Published on April 13th, 2010 | by Christopher DeMorro
Ireland Moves To Ease Switch To Electric Cars With Grants, Infrastructure
Ah Ireland. The Emerald Isle is home to one of my favorite stouts, Guinness, and it has a very long and interesting history — both bloody and scientific. They also make great whiskey. But one thing I’ve never associated with Ireland was cars. That may soon change, however, as the Irish government has announced some big moves regarding electric cars.
In order to ease the transition to more expensive electric cars, the Irish government is offering a grant of 5,000 euros (about $6,800) to anybody who buys an electric car, and an infrastructure of 3,500 charging points nationwide by December of 2011.
Ireland isn’t jumping into this plan unprepared though. They have partnered with Renault-Nissan, who hopes to sell 2,000 LEAF and Kangoo Z.E. electric vehicles there by 2011. Seems like a low number, but consider Ireland has a population of just 6.2 million people. That is about as many people as live in the whole state of Arizona. The LEAF is expected to retail there for about 30,200 euros, or about $41,000. Additionally, Renault will provide 100 pre-production Fluence Z.E. (pictured above) electric cars for a pilot program, which I think is much better looking than the LEAF or Kangoo.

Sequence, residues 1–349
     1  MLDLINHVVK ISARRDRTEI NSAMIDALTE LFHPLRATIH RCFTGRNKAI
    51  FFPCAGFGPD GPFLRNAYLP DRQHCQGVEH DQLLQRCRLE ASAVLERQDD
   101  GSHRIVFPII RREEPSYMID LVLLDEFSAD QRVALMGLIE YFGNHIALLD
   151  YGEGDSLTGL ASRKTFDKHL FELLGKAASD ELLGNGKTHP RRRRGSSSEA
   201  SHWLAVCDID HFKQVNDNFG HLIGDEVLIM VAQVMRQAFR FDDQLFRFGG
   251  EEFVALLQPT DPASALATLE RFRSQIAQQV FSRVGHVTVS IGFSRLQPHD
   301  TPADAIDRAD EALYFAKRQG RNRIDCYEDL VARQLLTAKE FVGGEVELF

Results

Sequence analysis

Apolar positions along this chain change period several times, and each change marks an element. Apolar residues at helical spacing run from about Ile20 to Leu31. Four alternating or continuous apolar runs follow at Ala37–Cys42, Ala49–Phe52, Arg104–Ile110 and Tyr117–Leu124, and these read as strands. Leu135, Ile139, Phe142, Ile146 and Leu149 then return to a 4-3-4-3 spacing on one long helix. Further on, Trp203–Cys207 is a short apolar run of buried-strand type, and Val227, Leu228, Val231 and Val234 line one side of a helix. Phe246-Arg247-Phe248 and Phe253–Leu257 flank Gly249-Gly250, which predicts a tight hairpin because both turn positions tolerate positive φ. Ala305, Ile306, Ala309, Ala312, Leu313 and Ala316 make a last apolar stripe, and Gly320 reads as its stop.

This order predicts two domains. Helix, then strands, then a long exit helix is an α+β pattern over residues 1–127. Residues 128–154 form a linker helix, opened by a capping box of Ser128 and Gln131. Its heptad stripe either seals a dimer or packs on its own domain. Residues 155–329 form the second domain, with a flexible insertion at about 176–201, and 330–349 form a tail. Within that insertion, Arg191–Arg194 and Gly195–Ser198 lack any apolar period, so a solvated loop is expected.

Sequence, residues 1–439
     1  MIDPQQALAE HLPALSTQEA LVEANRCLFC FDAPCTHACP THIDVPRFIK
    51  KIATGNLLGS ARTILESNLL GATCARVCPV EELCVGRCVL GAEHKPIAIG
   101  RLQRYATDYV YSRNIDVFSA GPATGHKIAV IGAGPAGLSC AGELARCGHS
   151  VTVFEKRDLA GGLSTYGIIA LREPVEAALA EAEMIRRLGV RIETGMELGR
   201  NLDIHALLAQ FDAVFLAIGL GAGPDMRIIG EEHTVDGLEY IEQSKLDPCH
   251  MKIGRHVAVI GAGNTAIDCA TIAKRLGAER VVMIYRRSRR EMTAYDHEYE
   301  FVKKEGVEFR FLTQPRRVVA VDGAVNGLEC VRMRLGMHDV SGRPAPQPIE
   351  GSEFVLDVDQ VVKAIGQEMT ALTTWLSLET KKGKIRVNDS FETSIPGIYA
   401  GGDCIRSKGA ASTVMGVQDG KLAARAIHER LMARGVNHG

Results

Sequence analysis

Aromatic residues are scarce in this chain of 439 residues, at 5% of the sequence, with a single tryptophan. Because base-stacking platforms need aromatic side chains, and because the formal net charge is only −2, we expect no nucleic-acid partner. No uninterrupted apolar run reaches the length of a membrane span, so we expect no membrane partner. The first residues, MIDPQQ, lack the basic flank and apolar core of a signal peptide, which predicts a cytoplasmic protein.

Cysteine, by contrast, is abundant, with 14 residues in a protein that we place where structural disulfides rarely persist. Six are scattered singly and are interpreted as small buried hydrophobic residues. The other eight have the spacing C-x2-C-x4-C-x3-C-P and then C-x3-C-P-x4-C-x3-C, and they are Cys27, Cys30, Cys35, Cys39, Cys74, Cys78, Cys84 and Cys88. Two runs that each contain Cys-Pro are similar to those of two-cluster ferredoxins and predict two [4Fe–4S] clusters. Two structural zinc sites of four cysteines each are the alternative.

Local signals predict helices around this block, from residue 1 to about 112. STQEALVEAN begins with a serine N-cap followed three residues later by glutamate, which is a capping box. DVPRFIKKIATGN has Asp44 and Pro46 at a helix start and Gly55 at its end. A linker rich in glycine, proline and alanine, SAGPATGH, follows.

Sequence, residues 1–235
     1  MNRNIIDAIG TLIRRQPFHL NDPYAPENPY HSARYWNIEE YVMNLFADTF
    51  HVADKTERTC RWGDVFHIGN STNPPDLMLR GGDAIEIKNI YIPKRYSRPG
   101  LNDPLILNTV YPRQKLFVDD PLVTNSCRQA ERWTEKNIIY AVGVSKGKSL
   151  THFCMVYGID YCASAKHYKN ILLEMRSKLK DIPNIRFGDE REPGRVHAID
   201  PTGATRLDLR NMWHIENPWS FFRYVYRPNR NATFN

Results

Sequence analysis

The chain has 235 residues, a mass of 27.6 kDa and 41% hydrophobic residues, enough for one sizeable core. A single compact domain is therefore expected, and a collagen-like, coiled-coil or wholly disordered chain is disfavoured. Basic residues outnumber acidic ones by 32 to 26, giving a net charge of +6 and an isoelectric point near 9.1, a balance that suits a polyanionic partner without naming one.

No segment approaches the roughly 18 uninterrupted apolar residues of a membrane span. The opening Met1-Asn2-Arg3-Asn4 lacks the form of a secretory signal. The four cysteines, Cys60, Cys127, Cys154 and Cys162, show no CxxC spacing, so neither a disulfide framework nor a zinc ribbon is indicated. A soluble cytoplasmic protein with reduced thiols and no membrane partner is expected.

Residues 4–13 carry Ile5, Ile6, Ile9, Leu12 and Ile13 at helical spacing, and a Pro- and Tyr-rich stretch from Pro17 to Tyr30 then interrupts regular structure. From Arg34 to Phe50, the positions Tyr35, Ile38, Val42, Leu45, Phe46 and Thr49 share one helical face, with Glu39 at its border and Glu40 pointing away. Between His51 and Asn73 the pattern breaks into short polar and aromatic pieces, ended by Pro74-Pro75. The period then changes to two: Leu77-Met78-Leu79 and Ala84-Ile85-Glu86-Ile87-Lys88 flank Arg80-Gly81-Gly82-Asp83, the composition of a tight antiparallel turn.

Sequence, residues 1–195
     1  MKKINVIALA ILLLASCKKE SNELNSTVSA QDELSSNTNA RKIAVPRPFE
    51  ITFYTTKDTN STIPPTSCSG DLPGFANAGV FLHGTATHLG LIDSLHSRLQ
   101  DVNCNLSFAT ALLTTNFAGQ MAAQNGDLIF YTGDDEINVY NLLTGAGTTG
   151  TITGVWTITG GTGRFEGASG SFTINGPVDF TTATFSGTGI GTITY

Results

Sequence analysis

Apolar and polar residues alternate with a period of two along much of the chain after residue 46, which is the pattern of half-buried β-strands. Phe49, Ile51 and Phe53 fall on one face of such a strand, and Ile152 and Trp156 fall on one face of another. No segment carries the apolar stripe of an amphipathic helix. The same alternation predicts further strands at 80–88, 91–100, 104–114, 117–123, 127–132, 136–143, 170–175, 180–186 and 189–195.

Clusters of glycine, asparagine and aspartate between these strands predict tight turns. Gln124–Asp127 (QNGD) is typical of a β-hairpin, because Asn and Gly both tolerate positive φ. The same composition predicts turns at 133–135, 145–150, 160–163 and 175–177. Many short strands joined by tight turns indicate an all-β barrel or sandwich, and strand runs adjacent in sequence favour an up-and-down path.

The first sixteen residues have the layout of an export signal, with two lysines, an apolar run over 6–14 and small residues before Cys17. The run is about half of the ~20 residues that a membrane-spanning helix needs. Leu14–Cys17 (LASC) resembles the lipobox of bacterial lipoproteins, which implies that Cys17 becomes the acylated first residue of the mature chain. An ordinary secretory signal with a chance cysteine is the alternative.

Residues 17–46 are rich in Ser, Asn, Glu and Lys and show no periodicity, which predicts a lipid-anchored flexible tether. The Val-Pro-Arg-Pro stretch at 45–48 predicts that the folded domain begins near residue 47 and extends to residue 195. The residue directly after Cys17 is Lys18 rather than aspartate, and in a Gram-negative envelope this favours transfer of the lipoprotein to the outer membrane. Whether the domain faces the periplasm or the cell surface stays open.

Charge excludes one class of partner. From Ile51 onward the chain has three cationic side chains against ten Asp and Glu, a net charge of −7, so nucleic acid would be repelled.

The tax credit would knock it down to about $34,000 US, which is pretty cheap considering the many extra taxes European countries levy on cars, even electric ones. Ireland has a Value Added Tax (V.A.T.) of 21%! In addition to the grant, electric car buyers will also be exempt from the Vehicle Registration Tax, which is a precentage of the new car’s price.
To sweeten the pot even more, the government-backed Electricity Supply Board will be installing 3,500 electric car charging points across the country. That may not sound like a lot either, but the Emerald Isle is about half the size of Illinois. Those 3,500 charging points will actually be very well spread out and will also include 30 “fast charge” points. Sounds like a great one-two punch to bring electric cars into the limelight in Ireland.